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Deep Learning for Java (DL4J) Getting Started: Tutorial

Build Iris Classification Neural Network using Deep Learning for Java (DL4J) library.

Photo by Alina Grubnyak on Unsplash

This is the first tutorial of a series of tutorials I’ll be writing in which you’ll work on building Neural Networks using DL4J (A Java-based deep learning library).


The only prerequisite is the knowledge of Java. If you have worked with basic Java SE and understand the basic Object-Oriented Programming (OOP) concepts you’ll be good to go. Also, a basic understanding of Neural Network or deep learning and the concepts would be a big plus.


We’ll be using IntelliJ IDEA CE. Download the Community version:

Download Community Version

Iris Classification Neural Network using DL4J

Open IntelliJ IDEA CE and Create a new project, name it LearningDL4J.

Open pom.xml file.

Add the following code in the pom.xml:







You’ll notice that ${dl4j.version} is highlighted red. You might have two red highlighted red syntax. Let’s solve these first:

Goto FileProject StructureLibraries (Under Project Settings) → +From Maven… → and in the search bar add org.nd4j:nd4j-native-platform:1.0.1-alpha

Next, do the same thing and install org.deeplearning4j:deeplearning4j-core:1.0.0-alpha

Finally, following the same step and search and install org.apache.cassandra:cassandra-all:1.1.4

Ensure that you have added all the three libraries mentioned in the picture above. Apply and press OK to close the Project structure window.
After you’re done adding these libraries you’ll notice both errors are gone from pom.xml.

About & Download Dataset

Hello-World of machine learning world “Iris Classification” dataset.

Iris dataset is a set of data that was gathered from the flowers of different species (Iris setosa, Iris versicolor, and Iris virginica). —

Download the Iris Classification .csv file or search for the CSV file on the internet.

Columns 1— 4 contain the different features of the species and column 5 contains the class of the record, or the species, coded with a value 0 which indicates Iris-setosa, 1 which indicates Iris-versicolor class, and 2 which indicates Iris-virginica.

Building Neural Network

The first step that we need to do is to load the dataset. As neural networks work with numbers so we’ll do vectorization (Transforming real-world data into a series of numbers). DL4J uses datavec library to do this.

Create a new Java Class inside src > java > {Create a package (optional} > Right Click > New > Java Class

I’ve named my java class IrisClassification

TYPE the following code in the IrisClassification class:

public static void main(String[] args) {    BasicConfigurator.configure();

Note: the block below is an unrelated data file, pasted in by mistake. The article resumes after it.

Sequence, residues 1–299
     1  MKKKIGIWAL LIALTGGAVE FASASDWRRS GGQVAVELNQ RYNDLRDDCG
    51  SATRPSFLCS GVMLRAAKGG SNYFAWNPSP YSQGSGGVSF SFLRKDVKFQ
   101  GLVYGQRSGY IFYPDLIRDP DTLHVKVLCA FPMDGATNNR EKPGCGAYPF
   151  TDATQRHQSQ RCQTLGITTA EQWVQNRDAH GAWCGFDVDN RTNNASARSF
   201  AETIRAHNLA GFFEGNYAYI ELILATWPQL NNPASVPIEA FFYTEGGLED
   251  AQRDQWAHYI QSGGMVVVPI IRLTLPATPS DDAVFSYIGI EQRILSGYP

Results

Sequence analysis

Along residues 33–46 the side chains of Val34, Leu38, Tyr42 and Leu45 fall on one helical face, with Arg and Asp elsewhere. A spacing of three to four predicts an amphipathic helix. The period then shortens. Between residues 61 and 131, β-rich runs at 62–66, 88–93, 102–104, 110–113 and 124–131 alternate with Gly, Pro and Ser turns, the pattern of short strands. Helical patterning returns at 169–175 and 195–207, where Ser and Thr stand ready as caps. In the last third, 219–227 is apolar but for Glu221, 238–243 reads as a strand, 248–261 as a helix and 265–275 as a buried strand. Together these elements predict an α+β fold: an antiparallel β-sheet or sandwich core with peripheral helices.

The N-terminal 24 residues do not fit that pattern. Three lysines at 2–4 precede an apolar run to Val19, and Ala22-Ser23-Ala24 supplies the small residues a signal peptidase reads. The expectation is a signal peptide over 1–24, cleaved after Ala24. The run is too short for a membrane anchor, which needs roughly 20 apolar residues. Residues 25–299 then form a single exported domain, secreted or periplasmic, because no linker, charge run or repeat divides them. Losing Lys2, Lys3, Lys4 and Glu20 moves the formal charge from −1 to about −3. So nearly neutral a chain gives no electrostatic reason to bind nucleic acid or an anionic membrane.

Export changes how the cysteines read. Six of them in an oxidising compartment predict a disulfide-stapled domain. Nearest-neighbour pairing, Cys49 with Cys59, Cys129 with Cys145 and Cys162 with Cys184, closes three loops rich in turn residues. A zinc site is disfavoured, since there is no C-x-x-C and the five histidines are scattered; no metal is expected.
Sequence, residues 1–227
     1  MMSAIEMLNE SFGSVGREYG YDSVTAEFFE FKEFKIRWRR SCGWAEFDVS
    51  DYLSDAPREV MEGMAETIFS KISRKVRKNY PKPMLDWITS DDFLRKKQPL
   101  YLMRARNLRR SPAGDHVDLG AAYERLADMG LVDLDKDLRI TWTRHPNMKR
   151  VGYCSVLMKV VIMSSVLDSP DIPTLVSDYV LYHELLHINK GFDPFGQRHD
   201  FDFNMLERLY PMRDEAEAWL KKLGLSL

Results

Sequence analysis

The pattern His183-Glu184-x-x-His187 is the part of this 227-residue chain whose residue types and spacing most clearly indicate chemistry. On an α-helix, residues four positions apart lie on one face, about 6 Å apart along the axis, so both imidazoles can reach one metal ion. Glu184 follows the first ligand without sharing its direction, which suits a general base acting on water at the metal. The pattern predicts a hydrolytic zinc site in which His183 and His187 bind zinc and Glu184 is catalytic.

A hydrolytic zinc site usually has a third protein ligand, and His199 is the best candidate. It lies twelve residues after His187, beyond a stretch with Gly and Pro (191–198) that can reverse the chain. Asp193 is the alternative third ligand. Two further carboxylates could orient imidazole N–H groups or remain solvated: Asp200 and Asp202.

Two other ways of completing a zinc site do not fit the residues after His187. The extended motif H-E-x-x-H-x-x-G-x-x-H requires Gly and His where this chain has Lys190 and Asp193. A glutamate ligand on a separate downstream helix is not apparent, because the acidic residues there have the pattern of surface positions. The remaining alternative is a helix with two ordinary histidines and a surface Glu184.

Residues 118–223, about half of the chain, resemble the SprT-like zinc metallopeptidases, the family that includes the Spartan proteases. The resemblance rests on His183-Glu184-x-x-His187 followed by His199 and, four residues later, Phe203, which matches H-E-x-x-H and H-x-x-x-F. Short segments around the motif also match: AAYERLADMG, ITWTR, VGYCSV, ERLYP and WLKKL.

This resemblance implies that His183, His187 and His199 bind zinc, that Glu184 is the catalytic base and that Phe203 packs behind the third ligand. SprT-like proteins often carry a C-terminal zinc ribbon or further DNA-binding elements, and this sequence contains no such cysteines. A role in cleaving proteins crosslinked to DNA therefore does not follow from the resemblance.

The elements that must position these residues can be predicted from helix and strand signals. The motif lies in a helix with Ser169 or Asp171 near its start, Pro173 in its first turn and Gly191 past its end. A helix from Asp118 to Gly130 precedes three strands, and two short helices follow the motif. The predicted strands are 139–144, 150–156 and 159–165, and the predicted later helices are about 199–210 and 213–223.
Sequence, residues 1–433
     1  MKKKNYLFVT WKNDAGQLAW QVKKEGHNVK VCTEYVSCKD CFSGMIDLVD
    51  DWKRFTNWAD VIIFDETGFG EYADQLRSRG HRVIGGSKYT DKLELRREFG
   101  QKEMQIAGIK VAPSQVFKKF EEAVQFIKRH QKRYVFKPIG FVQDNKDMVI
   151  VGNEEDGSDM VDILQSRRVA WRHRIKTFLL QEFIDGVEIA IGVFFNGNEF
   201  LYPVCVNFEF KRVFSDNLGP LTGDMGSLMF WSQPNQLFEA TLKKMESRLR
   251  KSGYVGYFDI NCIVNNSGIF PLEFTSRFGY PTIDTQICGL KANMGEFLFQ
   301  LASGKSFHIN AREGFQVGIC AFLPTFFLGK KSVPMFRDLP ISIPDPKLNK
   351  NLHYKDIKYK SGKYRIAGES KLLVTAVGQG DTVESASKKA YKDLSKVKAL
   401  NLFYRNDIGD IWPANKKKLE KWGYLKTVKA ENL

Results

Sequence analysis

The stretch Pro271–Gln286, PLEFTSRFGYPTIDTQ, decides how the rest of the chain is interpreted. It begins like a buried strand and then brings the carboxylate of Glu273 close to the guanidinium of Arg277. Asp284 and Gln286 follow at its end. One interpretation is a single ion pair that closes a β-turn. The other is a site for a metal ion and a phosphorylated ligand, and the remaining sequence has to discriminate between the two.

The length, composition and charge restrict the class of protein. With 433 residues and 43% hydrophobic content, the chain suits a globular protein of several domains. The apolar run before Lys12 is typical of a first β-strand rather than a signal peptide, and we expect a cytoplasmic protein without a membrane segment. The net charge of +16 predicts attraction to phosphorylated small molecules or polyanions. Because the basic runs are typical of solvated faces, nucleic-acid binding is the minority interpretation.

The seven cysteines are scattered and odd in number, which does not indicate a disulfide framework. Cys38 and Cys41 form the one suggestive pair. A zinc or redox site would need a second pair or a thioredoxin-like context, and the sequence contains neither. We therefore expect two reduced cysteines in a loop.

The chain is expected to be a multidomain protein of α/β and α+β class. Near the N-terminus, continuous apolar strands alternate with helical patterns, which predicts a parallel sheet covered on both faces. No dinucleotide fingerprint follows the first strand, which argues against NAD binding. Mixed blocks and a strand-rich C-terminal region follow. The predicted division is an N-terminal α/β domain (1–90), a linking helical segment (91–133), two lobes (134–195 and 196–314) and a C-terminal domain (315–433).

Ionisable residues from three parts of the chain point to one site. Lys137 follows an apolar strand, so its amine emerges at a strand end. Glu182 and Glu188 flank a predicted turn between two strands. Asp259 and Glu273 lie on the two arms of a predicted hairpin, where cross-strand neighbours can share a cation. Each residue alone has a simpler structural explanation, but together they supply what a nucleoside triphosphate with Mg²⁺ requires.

private static void loadData() {
try(RecordReader recordReader = new CSVRecordReader(0,',')) {
recordReader.initialize(new FileSplit(
new ClassPathResource("iris.csv").getFile()
} catch (Exception e) {
System.out.println("Error: " + e.getLocalizedMessage());

Before explaining the code above let’s address the errors you might be facing. If you have copy-pasted the code then you are missing these imports:

import org.apache.log4j.BasicConfigurator;
import org.datavec.api.records.reader.RecordReader;
import org.datavec.api.records.reader.impl.csv.CSVRecordReader;
import org.datavec.api.split.FileSplit;
//Do type the code and avoid copy-pasting as I won’t be showing the //imports in the code snippets moving further

So, now you’re might be left with this error “Try-with-resources are not supported at language level 5”.

To solve this either click on Module Settings you see in the popover of the error or open Project Structure from File menu.

Select 12— No new language features from Language level, click on Apply and then OK. This should resolve that error as shown below:

Now in the code above you have the main function that is just calling the loadData() function and BasicConfigurator.configure(); is basically a logger that is required by DL4J so just add it there.
Inside the loadData() function we have a try-catch statement in which we have CSVRecordReader object that takes 2 arguments. Here 0 indicates the number of lines to skip (so, we’re not skipping any line) and then delimiter which is , as it’s a CSV file.

The next line where we are initializing the recordReader object we have to provide the file path. So, what I did is that I placed iris.csv file in the resources folder as shown below:

Next, we’ll iterate over the dataset, and to do that we use DataSetIterator which is an interface with multiple implementations. Meaning datasets can be of huge sizes so it also provides the ability to go a page or cache the values which come in handy in a lot of cases but since this dataset only has 150 values so we’ll read all the data at once.

Now within the try block TYPE this code:

DataSetIterator iterator = new RecordReaderDataSetIterator(recordReader, 150, 4, 3);